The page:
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BT Sues Tii for GBP72m Over Allegedly Faulty Kit and ADSL Outages

Friday, June 11th, 2021 (4:37 pm) - Score 4,464
Law internet uk isp

Telecoms giant BT is suing Tii Technologies (formerly Porta Systems) for £72m in the UK High Court (Technology and Construction Court) after they allegedly supplied 95,256 faulty jack test (JT) blocks between 2006-2016, which reportedly caused a spate of copper line ADSL broadband outages (mainly impacting ISP Sky Broadband).

According to The Register, BT alleges that the issue cost them £43.7m in engineer callouts, as well as £10m to modify the blocks and a further £19m had to be paid out to the ISPs who complained. BT claims that Tii was obliged to deliver JT blocks that were fit for their intended design life of 40 years, but when asked to make them compatible with modern IDC wire terminations the supplier used bare steel contacts which rusted (i.e. causing ADSL connections to become unstable).

On the other hand, Tii said they delivered 195,000 metal shims to cure the problems, but BT is alleged to have ignored them and gone ahead with its own double-jumpering fix instead. In addition, one of Tii’s workers suggested that BT’s own engineers could be partly to blame: “I have attended various site visits with the block supplier and have always found that it is an installer problem (usually using the wrong tool), never a block problem.”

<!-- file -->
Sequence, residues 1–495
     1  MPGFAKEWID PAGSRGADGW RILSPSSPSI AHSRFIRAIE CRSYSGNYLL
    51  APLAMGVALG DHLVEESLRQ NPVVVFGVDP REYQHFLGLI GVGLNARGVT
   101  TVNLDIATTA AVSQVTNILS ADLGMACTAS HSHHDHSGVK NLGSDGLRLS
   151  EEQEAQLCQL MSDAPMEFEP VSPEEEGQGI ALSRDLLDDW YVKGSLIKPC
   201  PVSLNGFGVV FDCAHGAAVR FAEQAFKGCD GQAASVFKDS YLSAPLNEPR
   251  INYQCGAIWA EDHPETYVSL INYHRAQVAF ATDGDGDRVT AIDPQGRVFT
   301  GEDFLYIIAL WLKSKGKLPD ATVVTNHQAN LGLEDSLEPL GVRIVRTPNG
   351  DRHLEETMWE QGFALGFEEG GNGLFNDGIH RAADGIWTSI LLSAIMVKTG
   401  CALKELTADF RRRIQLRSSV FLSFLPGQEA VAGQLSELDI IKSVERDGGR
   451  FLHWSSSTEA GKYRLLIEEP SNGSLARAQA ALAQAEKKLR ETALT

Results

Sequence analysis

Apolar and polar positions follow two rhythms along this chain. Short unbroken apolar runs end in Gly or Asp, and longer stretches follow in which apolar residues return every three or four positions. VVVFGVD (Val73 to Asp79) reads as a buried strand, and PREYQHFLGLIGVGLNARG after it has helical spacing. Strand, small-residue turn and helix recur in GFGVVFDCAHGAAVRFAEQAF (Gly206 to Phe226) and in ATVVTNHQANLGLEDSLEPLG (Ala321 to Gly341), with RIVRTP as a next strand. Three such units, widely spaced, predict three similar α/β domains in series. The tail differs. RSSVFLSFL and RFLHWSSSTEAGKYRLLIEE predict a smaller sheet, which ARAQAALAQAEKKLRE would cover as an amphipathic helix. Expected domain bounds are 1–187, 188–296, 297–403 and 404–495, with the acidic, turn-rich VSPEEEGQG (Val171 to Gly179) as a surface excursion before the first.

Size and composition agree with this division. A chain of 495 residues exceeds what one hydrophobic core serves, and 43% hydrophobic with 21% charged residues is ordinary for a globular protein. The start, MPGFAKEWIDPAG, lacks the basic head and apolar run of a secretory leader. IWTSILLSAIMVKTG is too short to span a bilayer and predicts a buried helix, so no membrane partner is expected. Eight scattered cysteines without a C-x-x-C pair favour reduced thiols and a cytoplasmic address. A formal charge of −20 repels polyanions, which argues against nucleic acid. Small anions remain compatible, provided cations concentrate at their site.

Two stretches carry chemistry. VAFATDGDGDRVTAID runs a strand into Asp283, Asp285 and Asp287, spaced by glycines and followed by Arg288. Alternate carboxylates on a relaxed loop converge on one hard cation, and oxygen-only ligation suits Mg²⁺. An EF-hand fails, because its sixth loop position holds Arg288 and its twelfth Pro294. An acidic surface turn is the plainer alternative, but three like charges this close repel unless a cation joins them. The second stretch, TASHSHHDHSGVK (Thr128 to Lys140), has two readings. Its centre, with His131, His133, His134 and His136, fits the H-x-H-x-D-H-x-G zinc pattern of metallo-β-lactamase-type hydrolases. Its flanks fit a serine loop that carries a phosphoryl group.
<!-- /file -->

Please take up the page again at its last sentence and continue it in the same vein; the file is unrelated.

The case is said to be ongoing. We have asked BT to comment, although they’re unlikely to be able to say much until after the case has been resolved. We should add that JT blocks are usually installed in exchanges and consist of two metal contacts, one fixed and one sprung, pressing against the fixed contact. Engineers who need to test a line can wedge the sprung contact open with a test adapter and connect a test probe in its place.

Leave a Comment
3 Responses
  1. AW says:

    Double jumpering WORKED. Shims might have, but they would have taken just as long and no guarantee. Im doubtful rust was the issue though as they were junk from day 1, and i seriously doubt it was a tool issue, becauae they were ALL junk. My personal thought is that they were just made with poor tolerances.

    1. Darren Tarry says:

      Also poor quality plastic that retains the metal parts.

  2. TAM says:

    Christ. I remember when these came in. The fault symptoms where classic , kept on hearing the same reports from end customers , day after day. It didn’t take long for us to identify the problem , we were using them as TAMS blocks in our local exchanges . Solution was to jumper straight from the LLUT to the bar Pr, bypassing them. And it did cost OR a fortune , 3-4 truck rolls per customer as most engineers would miss it and all tests would pass. I’m sure i even raised a product alert to be told ‘ we’re doing it wrong’ ‘ or using the wrong tool’ . As previously stated , they were rubbish from day 1. You only had to look at them to know that.

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